David Amoroso

"The world stops for hours as I create new paintings. Art has always been my therapy."
David Amoroso Photo.jpg Cropped

David Amoroso is an artist in Arlington.

I’ve always been comfortable eating street food and drinking the water when traveling in other countries. I’ve even traveled alone to some countries labeled as “dangerous.”

I always believed that “a little dirt” or “a few germs” wouldn’t hurt me—in fact, I thought that they would make me stronger and more resistant.

But ever since the first week in March, I’ve had some major paradigm shifts. Now, everything and everybody feels a little like the enemy. Every item that comes through my doors gets wiped down to remove “the germs.” Every person I come in contact with is a potential threat to my health and well-being if they encroach on my space.

At times, I am consumed by worst-case scenarios playing out in my head. I feel paralyzed and depressed by what our world has become. I feel disappointed that so many people aren’t taking this situation seriously.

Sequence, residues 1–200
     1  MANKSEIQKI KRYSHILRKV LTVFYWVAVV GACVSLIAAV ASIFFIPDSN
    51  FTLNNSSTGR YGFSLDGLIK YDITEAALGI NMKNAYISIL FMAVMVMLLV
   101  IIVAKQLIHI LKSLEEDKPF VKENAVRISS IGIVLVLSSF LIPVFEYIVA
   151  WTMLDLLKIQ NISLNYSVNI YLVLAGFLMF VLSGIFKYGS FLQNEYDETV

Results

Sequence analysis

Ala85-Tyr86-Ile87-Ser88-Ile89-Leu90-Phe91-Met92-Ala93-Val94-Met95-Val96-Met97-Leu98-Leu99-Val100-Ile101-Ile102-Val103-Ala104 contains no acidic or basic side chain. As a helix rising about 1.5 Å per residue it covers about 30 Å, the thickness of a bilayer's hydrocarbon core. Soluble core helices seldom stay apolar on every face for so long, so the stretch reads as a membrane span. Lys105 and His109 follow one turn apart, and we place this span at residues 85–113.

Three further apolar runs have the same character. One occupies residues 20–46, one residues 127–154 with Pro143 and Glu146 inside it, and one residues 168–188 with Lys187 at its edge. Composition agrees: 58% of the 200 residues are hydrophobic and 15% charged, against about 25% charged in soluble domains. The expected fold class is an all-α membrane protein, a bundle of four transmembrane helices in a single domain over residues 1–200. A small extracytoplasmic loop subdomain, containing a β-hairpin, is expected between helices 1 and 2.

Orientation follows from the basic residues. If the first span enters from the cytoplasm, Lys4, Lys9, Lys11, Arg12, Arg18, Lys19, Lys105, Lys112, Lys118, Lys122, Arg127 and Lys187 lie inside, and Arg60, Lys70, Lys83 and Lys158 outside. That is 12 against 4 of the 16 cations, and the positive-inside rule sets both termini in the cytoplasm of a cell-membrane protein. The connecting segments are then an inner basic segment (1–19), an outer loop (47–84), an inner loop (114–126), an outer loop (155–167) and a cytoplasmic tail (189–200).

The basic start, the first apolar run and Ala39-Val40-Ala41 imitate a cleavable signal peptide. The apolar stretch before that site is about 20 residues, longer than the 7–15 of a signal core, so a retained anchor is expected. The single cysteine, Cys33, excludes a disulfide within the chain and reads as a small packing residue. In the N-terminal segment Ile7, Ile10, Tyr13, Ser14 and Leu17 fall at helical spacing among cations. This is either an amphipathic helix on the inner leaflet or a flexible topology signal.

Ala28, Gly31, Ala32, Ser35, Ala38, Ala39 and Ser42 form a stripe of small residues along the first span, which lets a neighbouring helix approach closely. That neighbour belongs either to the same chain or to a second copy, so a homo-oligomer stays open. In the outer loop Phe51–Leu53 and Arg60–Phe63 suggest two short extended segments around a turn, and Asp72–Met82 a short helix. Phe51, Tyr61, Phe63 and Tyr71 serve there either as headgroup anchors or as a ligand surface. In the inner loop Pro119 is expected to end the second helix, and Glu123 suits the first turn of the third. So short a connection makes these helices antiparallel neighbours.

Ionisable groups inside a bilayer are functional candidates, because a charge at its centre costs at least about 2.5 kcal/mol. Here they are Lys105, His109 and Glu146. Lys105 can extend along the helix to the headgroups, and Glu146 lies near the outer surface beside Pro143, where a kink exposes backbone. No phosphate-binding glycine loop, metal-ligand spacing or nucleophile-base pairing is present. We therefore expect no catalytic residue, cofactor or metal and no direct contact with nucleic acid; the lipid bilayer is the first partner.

Fortunately, I have a safe escape…

Amoroso 1

When I am in my studio, painting, I feel as though my life has not changed much at all. The world stops for hours and hours as I create new paintings and listen to music.

For the most part, I am not addressing the pandemic in my work. My art looks exactly the same—almost as if nothing terrible is happening in the world. I am using the same bright colors and capturing pop culture as I always have. This is—and always has been—my therapy.

Amoroso 2

However, there is a distinct change in the work I have been creating for Arlington’s Words to Art project, which deals directly with COVID-19. I’m one of several participating artists challenged with translating single words (submitted by members of the community) into visual works of art. Everything I have created for this project has been in black and white. The words I have selected so far—words like chastened and broken—really speak to what’s going on inside me.

Hopefully next week I will choose a more uplifting word.


During the first weeks of the pandemic, things were quiet. Now, more people are reaching out to me to commission new paintings or buy work I previously created.

l am inspired and motivated by the people who have specifically said that they want to support local artists during this crisis. I suspect they are buying other things locally and supporting other small businesses, too.

I really wish that I could invite them into my studio and get to know them better. But for now, our masks and latex gloves are a clear sign that we are still living in a touch-free, curbside pickup world.

Readers: We want to hear your stories. Send your 300-word COVID-19 story and a photo to editorial@arlingtonmagazine.com.  You can read more Covid Chronicles essays here

Categories: Covid Chronicles